Each transition tj is assigned a default (or nominal) intensity λ0[tj]. Thus, the intensity λ[tj] in a transition tj is equal to λ0[tj] plus the positive changes in intensity minus the negative changes in intensity:
$$ \lambda[t_{j}]=\lambda_{0}[t_{j}] {-} \sum\limits_{s_{l}\in {t_{j}^{s}}} {\Delta}\lambda[(t_{j},s_{l})] {+}\sum\limits_{s_{l}\in ^{s}t_{j}} {\Delta}\lambda[(s_{l},t_{j})]\ \ \forall\ t_{j}\in T $$
(12)
The number of active tokens, \(\mu _{w}\in \mathbb {R}_{\geq 0}^{|^{p}s_{l}|}\) indexed by the edges of sl, being used by an intensity handler sl, and the intensities, \({\Delta }\lambda _{w}\in \mathbb {R}_{\geq 0}^{|^{t}s_{l}|+|{s_{l}^{t}}|}\) indexed by the arcs of sl, produced by sl are related by the matrices Cl and Dl as follows:
$$ C_{l} {\Delta}\lambda_{w} \leq D_{l} \mu_{w} $$
(13)

If 1μw + 1Δλw > 0, then sl is said to be working. Similarly to event handlers, intensity handlers are not forced to work. When a number of intensity handlers work simultaneously, they share the tokens in places and collaborate in the production of intensities. In a similar way to (4), the inequalities (13) allow the modeling of uncertainty in the intensity changes produced by the active tokens.

Similarly to (7), the state equations of the intensity net determine the potential states of the net for a given marking m and default intensities λ0:

Proposition 2 (State equations)

Let the state of an intensity net \({{\mathcal {N}}}_{S}\) be (m, m,0,0,λ0), i.e. m idle tokens are available and no intensity handler is working. Every state (m, μP,μEλ, λ) reachable from (m, m,0,0,λ0) belongs to \(SE_{{{\mathcal {N}}}_{S}}(m,\lambda _{0})\) where:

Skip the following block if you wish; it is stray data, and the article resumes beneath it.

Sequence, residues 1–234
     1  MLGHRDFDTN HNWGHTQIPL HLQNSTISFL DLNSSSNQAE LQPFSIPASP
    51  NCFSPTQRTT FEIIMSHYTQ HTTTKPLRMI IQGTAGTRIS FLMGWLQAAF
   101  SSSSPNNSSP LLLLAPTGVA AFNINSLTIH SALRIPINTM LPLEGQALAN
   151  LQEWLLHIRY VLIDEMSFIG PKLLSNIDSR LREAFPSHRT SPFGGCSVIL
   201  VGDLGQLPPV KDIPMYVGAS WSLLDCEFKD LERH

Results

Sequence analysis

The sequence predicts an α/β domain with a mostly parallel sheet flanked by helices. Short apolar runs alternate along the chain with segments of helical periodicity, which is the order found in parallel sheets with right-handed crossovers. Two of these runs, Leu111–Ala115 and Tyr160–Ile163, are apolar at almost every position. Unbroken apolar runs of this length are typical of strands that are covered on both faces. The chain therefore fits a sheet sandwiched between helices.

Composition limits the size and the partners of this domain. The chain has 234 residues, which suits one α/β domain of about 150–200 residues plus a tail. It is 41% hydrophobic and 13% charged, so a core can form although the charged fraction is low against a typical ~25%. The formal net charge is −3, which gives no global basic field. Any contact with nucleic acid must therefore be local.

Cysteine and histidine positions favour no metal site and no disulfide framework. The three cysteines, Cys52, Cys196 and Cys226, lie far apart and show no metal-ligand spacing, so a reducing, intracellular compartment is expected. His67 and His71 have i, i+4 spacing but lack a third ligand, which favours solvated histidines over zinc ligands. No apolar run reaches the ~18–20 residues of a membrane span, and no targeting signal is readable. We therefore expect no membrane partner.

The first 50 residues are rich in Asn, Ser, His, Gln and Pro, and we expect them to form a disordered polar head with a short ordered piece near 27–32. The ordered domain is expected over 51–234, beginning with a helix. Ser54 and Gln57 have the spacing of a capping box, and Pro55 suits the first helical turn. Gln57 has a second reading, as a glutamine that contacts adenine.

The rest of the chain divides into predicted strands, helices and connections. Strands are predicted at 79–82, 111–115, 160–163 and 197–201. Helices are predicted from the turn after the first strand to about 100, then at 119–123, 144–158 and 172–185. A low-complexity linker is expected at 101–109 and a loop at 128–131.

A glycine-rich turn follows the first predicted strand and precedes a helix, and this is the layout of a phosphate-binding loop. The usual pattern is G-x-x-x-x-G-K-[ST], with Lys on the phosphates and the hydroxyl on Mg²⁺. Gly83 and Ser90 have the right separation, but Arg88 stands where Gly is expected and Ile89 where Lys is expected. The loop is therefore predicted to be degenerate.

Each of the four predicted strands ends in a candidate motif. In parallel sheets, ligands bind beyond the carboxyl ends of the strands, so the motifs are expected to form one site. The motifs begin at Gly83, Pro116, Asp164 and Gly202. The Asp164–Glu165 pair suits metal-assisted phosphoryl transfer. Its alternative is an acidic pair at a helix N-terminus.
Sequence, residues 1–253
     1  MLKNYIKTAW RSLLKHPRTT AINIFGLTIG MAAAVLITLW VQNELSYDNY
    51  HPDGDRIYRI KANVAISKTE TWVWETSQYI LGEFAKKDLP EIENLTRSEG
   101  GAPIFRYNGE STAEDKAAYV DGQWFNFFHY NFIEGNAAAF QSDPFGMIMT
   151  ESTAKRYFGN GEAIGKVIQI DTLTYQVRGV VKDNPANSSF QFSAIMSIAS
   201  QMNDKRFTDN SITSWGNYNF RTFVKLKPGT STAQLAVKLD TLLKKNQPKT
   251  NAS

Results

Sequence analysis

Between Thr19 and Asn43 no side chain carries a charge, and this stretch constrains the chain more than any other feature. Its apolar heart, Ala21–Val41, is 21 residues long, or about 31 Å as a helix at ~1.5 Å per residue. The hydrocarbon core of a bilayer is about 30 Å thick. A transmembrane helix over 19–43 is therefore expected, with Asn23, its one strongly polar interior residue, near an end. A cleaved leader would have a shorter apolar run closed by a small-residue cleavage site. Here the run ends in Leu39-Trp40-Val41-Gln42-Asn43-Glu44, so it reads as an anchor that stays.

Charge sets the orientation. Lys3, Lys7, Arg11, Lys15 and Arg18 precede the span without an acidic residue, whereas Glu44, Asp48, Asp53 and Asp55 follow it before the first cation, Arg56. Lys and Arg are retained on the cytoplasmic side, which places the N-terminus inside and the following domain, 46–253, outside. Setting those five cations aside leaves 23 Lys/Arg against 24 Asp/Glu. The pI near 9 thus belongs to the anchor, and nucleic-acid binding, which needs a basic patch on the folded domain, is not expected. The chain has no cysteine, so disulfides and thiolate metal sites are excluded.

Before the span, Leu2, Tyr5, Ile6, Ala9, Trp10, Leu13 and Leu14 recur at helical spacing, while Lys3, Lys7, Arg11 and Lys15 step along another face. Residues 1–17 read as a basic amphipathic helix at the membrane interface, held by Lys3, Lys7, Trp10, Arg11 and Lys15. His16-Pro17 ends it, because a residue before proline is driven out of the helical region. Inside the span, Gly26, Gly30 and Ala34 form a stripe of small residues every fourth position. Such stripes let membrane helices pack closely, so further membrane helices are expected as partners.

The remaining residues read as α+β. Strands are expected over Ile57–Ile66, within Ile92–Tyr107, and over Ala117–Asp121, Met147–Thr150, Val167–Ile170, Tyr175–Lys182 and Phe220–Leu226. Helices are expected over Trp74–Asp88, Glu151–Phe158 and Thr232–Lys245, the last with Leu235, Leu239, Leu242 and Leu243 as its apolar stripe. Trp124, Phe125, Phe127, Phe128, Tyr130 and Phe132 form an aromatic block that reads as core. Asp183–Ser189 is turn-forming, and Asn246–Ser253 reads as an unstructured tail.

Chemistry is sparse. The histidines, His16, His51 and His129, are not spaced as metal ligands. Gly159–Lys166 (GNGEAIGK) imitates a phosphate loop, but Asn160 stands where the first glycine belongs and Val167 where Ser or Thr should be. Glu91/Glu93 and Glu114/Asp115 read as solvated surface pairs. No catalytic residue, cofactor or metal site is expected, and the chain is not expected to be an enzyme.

$$ \begin{array}{ll} SE_{{{\mathcal{N}}}_{S}}(m,\lambda_{0}) = \{(&m,\mu_{P},\mu_{E},{\Delta}\lambda,\lambda)| \\ & m = \mu_{P} + Y_{m} \mu_{E}\\ & C {\Delta}\lambda \leq D \mu_{E}\\ & \lambda = \lambda_{0} + Z_{\lambda} {\Delta}\lambda\} \end{array} $$
(14)
where Ym and Zλ are matrices determined by the net structure:
  • Ym is a matrix with rows indexed by P, columns indexed by \({E_{S}^{P}}\), and such that \(Y_{m}[p_{i},\{p_{i},s_{l}\}]=1\ \forall \{p_{i},s_{l}\}\in {E_{S}^{P}}\) and the rest of the elements in Ym are 0,

  • Zλ is a matrix with rows indexed by T, columns indexed by \({E_{S}^{T}}\), and such that \(Z_{\lambda }[t_{j},(t_{j},s_{l})]=-1\ \forall (t_{j},s_{l}) \in {E_{S}^{T}}\), \(Z_{\lambda }[t_{j},(s_{l},t_{j})]=1\ \forall (s_{l},t_{j}) \in {E_{S}^{T}}\) and the rest of the elements in Zλ are 0,

and μP, μE, Δλ and λ are nonnegative variables.

Similarly to (7), the equations m=μP + YmμE, CΔλDμE, λ=λ0 + ZλΔλ in (14) are the matrix forms of (11), (13) and (12) respectively, and thus, must hold at every state (m, μP,μEλ, λ) reachable from (m, m,0,0,λ0). As in (7), equations (14) account for the cumulative intensities produced by the handlers, and hence, \(SE_{{{\mathcal {N}}}_{S}}(m,\lambda _{0})\) can contain spurious solutions.

As in (8), inequalities can be considered to model linear relationships among the values of the default intensities, λ0. Let us assume that λ0 is a vector constrained as:
$$ J_{\lambda}\lambda_{0}\leq K_{\lambda} $$
(15)
where Jλ and Kλ are real matrices of appropriate size. Similarly to (8), the inequalities (15) can be used to model the uncertain default intensity of a transition, or to establish linear constraints among default intensities of transitions. Equations (14) can be easily modified to take into account the relationships expressed by (15):
$$ \begin{array}{ll} SE_{{{\mathcal{N}}}_{S}}(m,J_{\lambda},K_{\lambda}) = \{(&m,\mu_{P},\mu_{E},{\Delta}\lambda,\lambda)| \\ & m = \mu_{P} + Y_{m} \mu_{E}\\ & C {\Delta}\lambda \leq D \mu_{E}\\ & \lambda = \lambda_{0} + Z_{\lambda} {\Delta}\lambda\\ & J_{\lambda}\lambda_{0}\leq K_{\lambda}\} \end{array} $$
(16)
Although intensity handlers are not forced to work, it is useful in some cases to consider only those states in which all the tokens of given places are active. Let \(P_{F}\subseteq P\) be the set of places whose tokens must be active, i.e. the number of idle tokens of piPF must be 0. In order to constrain (16) to such a set of states, the following equation can be added: